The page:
A journal of IEEE and CAA , publishes high-quality papers in English on original theoretical/experimental research and development in all areas of automation
Volume 7 Issue 4
Jun.  2020

IEEE/CAA Journal of Automatica Sinica

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Article Contents
Jacob H. White and Randal W. Beard, "An Iterative Pose Estimation Algorithm Based on Epipolar Geometry With Application to Multi-Target Tracking," IEEE/CAA J. Autom. Sinica, vol. 7, no. 4, pp. 942-953, July 2020. doi: 10.1109/JAS.2020.1003222
Citation: Jacob H. White and Randal W. Beard, "An Iterative Pose Estimation Algorithm Based on Epipolar Geometry With Application to Multi-Target Tracking," IEEE/CAA J. Autom. Sinica, vol. 7, no. 4, pp. 942-953, July 2020. doi: 10.1109/JAS.2020.1003222

An Iterative Pose Estimation Algorithm Based on Epipolar Geometry With Application to Multi-Target Tracking

doi: 10.1109/JAS.2020.1003222
Funds:  This work was funded by the Center for Unmanned Aircraft Systems (C-UAS), a National Science Foundation Industry/University Cooperative Research Center (I/UCRC) under NSF award Numbers IIP-1161036 and CNS-1650547, along with significant contributions from C-UAS industry members
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  • This paper introduces a new algorithm for estimating the relative pose of a moving camera using consecutive frames of a video sequence. State-of-the-art algorithms for calculating the relative pose between two images use matching features to estimate the essential matrix. The essential matrix is then decomposed into the relative rotation and normalized translation between frames. To be robust to noise and feature match outliers, these methods generate a large number of essential matrix hypotheses from randomly selected minimal subsets of feature pairs, and then score these hypotheses on all feature pairs. Alternatively, the algorithm introduced in this paper calculates relative pose hypotheses by directly optimizing the rotation and normalized translation between frames, rather than calculating the essential matrix and then performing the decomposition. The resulting algorithm improves computation time by an order of magnitude. If an inertial measurement unit (IMU) is available, it is used to seed the optimizer, and in addition, we reuse the best hypothesis at each iteration to seed the optimizer thereby reducing the number of relative pose hypotheses that must be generated and scored. These advantages greatly speed up performance and enable the algorithm to run in real-time on low cost embedded hardware. We show application of our algorithm to visual multi-target tracking (MTT) in the presence of parallax and demonstrate its real-time performance on a 640 × 480 video sequence captured on a UAV. Video results are available at https://youtu.be/HhK-p2hXNnU.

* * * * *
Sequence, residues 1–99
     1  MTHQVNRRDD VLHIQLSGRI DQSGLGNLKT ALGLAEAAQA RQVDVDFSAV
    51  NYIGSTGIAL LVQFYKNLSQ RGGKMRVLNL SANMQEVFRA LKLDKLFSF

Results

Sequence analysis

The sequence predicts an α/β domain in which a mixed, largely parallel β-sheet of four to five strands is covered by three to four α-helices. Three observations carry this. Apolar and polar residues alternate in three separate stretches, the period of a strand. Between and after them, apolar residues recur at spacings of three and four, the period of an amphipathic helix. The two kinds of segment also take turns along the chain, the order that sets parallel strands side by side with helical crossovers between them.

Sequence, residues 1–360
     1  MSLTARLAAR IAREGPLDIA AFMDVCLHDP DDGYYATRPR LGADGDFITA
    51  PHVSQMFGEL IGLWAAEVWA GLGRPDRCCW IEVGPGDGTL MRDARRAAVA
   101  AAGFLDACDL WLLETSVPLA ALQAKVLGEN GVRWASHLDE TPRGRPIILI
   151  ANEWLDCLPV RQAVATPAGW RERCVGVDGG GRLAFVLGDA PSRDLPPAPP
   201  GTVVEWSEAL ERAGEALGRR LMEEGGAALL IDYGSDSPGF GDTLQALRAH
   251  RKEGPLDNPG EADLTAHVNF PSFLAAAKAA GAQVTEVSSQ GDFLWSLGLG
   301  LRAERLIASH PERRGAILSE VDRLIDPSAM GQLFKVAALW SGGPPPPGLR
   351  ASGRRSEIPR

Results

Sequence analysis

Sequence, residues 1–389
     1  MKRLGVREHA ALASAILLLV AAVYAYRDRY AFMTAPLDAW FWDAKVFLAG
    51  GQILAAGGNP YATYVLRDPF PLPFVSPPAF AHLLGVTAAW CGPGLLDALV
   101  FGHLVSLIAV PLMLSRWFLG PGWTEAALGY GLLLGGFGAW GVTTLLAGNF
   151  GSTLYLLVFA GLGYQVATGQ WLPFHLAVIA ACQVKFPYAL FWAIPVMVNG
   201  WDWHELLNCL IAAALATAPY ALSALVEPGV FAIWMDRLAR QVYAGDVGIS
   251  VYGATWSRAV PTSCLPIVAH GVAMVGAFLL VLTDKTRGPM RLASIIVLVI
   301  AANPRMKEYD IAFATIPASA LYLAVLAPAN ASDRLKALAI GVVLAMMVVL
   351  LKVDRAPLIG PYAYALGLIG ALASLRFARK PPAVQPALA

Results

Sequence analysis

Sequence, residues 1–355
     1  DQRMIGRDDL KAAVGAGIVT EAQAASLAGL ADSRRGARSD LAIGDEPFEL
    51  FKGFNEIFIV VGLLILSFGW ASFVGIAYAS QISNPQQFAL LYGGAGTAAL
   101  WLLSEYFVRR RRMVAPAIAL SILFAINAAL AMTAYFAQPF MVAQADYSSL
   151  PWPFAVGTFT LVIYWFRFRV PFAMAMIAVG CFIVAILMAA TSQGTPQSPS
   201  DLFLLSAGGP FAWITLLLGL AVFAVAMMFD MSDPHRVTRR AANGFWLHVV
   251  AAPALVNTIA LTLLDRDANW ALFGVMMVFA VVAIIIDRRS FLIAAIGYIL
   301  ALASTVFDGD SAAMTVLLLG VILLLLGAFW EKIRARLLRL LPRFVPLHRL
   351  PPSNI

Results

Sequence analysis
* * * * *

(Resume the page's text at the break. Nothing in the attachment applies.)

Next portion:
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    Highlights

    • This paper introduces a new algorithm for estimating the relative pose of a moving camera.
    • A novel optimization algorithm solves for the relative pose using the epipolar constraint.
    • Applications include multi-target tracking, visual odometry, and 3D scene reconstruction.
    • If IMU information is available, it is used to seed the pose estimation algorithm.
    • Real-time execution of the algorithm is demonstrated on an embedded flight platform.

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